BOSTON — TreeHouse Foods, Inc. has identified three keys to achieving a multiyear productivity target of $250 million in cost savings from 2024 to 2027, said Patrick M. O’Donnell, executive vice president, chief financial officer and chief administrative officer of the Oak Brook, Ill.-based company, while speaking at the Barclays Global Consumer Staples Conference on Sept. 5.
The first area is TreeHouse Management Operating System (TMOS) activities, which Mr. O’Donnell said will deliver $125 million of gross cost savings from 2024 to 2027.
“…in those plants and those lines where we’ve deployed TMOS, we’ve seen 5% to 15% efficiency improvement in those lines,” Mr. O’Donnell said. “And so that’s cost efficiency that’s getting more product out the door, that’s improving levels of service. And so we’re encouraged by the progress that we’ve made. In the Princeton (Ky.) plant, we not only created production capacity of 8 million lbs, but we also eliminated $2 million of waste that was in the system.”
The second area is procurement cost savings, which Mr. O’Donnell said are worth approximately $100 million.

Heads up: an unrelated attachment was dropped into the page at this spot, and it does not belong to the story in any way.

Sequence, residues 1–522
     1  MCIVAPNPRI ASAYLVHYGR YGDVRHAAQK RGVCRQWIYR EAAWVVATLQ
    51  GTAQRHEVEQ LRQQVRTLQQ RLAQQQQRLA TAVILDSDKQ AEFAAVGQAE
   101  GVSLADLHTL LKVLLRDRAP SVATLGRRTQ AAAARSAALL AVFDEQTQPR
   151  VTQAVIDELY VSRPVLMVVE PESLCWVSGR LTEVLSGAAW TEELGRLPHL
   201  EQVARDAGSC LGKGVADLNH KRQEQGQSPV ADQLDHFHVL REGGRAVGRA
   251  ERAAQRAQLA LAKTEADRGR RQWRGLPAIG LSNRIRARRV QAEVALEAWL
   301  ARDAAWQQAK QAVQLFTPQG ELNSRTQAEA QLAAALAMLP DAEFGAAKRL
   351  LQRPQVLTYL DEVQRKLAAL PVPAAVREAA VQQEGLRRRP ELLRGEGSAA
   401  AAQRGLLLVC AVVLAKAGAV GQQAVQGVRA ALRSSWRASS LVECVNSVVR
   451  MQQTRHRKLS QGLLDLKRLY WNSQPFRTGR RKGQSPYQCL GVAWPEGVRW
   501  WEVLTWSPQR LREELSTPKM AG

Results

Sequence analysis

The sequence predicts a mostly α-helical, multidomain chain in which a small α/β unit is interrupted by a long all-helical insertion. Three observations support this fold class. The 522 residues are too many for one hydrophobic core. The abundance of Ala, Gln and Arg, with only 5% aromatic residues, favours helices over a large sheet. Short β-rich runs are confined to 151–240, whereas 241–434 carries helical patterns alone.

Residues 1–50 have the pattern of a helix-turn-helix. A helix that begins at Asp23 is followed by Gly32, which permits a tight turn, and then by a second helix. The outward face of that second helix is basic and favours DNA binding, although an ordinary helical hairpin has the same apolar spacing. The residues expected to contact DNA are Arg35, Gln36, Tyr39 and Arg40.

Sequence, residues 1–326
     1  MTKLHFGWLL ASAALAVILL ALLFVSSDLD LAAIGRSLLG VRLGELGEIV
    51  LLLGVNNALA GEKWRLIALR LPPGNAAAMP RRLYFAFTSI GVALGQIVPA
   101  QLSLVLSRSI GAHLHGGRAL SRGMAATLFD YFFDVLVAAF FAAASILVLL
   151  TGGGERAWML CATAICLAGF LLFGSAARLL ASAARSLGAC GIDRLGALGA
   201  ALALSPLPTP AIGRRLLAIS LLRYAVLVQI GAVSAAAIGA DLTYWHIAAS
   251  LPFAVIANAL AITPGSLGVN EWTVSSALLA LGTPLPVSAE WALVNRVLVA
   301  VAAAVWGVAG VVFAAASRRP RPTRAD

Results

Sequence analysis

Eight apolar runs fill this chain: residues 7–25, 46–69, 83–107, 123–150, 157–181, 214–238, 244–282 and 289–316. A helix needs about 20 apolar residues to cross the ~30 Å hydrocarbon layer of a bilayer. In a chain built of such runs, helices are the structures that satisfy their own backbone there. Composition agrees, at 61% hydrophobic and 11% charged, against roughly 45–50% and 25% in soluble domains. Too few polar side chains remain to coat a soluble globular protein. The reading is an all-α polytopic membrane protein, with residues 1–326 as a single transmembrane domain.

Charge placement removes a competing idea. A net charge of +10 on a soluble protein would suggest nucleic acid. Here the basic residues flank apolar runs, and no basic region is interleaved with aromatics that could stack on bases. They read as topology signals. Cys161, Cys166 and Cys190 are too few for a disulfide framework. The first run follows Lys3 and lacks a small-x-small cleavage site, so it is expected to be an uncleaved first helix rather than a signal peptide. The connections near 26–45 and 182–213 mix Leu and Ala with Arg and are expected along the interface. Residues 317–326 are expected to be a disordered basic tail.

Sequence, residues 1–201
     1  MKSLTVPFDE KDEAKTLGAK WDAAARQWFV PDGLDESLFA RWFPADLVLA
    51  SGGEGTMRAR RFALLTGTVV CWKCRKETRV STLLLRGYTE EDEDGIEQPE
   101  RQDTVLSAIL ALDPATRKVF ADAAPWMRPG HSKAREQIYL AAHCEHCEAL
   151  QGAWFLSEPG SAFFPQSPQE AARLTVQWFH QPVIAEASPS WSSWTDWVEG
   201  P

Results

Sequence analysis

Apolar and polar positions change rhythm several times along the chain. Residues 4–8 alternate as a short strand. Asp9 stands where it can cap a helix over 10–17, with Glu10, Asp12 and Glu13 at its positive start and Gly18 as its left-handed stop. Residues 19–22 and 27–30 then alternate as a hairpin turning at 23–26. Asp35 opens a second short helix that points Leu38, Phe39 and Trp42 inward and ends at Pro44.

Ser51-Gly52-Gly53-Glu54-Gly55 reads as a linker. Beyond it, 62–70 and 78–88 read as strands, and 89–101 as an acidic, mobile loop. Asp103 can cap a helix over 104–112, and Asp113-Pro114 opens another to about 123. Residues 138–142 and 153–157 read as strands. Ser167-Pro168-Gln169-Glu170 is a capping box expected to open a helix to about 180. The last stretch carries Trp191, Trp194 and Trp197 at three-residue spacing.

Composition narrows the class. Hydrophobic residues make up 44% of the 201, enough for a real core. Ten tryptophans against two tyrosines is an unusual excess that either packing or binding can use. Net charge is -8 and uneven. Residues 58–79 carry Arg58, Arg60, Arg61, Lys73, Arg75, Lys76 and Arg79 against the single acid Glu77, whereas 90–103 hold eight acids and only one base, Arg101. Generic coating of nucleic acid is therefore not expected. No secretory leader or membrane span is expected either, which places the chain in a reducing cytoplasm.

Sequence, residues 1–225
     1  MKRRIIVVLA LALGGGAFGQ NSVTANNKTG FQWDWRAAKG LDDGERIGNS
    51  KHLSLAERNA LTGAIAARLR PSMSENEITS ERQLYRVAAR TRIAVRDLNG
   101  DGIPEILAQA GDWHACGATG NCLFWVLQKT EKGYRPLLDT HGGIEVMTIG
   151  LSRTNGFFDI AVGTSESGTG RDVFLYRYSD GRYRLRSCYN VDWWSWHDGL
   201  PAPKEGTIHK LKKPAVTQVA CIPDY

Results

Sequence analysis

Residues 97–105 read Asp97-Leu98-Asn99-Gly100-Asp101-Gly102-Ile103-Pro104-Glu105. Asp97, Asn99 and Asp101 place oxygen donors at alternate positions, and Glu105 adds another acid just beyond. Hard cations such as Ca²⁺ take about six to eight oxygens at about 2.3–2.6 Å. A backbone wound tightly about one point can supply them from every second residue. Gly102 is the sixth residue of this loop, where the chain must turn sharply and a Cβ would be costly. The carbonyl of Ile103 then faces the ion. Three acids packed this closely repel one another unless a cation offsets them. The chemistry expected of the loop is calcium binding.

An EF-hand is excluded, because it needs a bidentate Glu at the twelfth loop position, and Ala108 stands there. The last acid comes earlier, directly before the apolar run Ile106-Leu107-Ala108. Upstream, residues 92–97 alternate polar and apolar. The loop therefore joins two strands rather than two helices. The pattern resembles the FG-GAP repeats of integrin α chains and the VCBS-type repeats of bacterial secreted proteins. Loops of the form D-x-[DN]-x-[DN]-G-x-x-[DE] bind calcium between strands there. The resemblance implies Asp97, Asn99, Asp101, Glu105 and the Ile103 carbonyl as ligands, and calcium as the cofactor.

“And so over the last several years, given the environment in which we operated, it wasn’t a prudent time to go undertake cost savings and procurement exercise,” he said. “We now think the stability of the broader marketplace, we have a better opportunity at this point to go do that given the stability of the supply chain. And so we’ll work with our vendors. We’ve started scoping that out here in the fourth quarter. We’ll start to take action into the early part of 2024. So we think as we ramp in 2024, there is the opportunity to start to realize some of those savings.”
The last area is freight and network consolidation, which Mr. O’Donnell later said would save $25 million in 2024.
“Post the Meal Prep divestiture, we obviously had a lot of distribution points,” Mr. O’Donnell said. “We continue to operate on a TSA. We recently hit a major milestone for us, which was that we were able to separate our distribution networks. At least for now, we’re still operating systems and things in the background, but that allows us to go optimize our own distribution network. So we have the opportunity to go take our inventory, put it through the customer and operate with less distribution points, use less lanes, drive less miles overall.”